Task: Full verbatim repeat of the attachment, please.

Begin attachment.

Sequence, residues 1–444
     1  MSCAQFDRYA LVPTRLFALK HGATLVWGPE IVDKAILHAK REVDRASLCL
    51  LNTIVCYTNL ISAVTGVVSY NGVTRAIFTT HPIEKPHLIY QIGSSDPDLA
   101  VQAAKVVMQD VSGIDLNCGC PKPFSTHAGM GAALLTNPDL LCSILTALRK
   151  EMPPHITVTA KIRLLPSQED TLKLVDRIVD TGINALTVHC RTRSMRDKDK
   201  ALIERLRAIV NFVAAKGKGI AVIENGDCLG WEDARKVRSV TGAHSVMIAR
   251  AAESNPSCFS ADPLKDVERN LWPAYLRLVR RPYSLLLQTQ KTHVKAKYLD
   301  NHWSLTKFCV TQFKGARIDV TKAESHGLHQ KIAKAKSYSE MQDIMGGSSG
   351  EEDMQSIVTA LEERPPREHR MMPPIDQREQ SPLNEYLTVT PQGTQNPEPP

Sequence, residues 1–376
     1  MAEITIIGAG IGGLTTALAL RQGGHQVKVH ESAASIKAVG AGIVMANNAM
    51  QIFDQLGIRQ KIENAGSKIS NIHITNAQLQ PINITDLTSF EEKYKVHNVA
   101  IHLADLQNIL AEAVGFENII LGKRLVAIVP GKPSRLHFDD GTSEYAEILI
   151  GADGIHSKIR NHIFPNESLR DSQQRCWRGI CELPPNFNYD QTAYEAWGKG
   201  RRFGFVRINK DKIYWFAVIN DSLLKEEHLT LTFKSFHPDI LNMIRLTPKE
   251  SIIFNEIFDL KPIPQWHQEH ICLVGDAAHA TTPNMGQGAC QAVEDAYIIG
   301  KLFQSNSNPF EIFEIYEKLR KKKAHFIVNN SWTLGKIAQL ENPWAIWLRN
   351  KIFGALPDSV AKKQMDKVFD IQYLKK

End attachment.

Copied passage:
Sequence, residues 1–444
     1  MSCAQFDRYA LVPTRLFALK HGATLVWGPE IVDKAILHAK REVDRASLCL
    51  LNTIVCYTNL ISAVTGVVSY NGVTRAIFTT HPIEKPHLIY QIGSSDPDLA
   101  VQAAKVVMQD VSGIDLNCGC PKPFSTHAGM GAALLTNPDL LCSILTALRK
   151  EMPPHITVTA KIRLLPSQED TLKLVDRIVD TGINALTVHC RTRSMRDKDK
   201  ALIERLRAIV NFVAAKGKGI AVIENGDCLG WEDARKVRSV TGAHSVMIAR
   251  AAESNPSCFS ADPLKDVERN LWPAYLRLVR RPYSLLLQTQ KTHVKAKYLD
   301  NHWSLTKFCV TQFKGARIDV TKAESHGLHQ KIAKAKSYSE MQDIMGGSSG
   351  EEDMQSIVTA LEERPPREHR MMPPIDQREQ SPLNEYLTVT PQGTQNPEPP

Sequence, residues 1–376
     1  MAEITIIGAG IGGLTTALAL RQGGHQVKVH ESAASIKAVG AGIVMANNAM
    51  QIFDQLGIRQ KIENAGSKIS NIHITNAQLQ PINITDLTSF EEKYKVHNVA
   101  IHLADLQNIL AEAVGFENII LGKRLVAIVP GKPSRLHFDD GTSEYAEILI
   151  GADGIHSKIR NHIFPNESLR DSQQRCWRGI CELPPNFNYD QTAYEAWGKG
   201  RRFGFVRINK DKIYWFAVIN DSLLKEEHLT LTFKSFHPDI LNMIRLTPKE
   251  SIIFNEIFDL KPIPQWHQEH ICLVGDAAHA TTPNMGQGAC QAVEDAYIIG
   301  KLFQSNSNPF EIFEIYEKLR KKKAHFIVNN SWTLGKIAQL ENPWAIWLRN
   351  KIFGALPDSV AKKQMDKVFD IQYLKK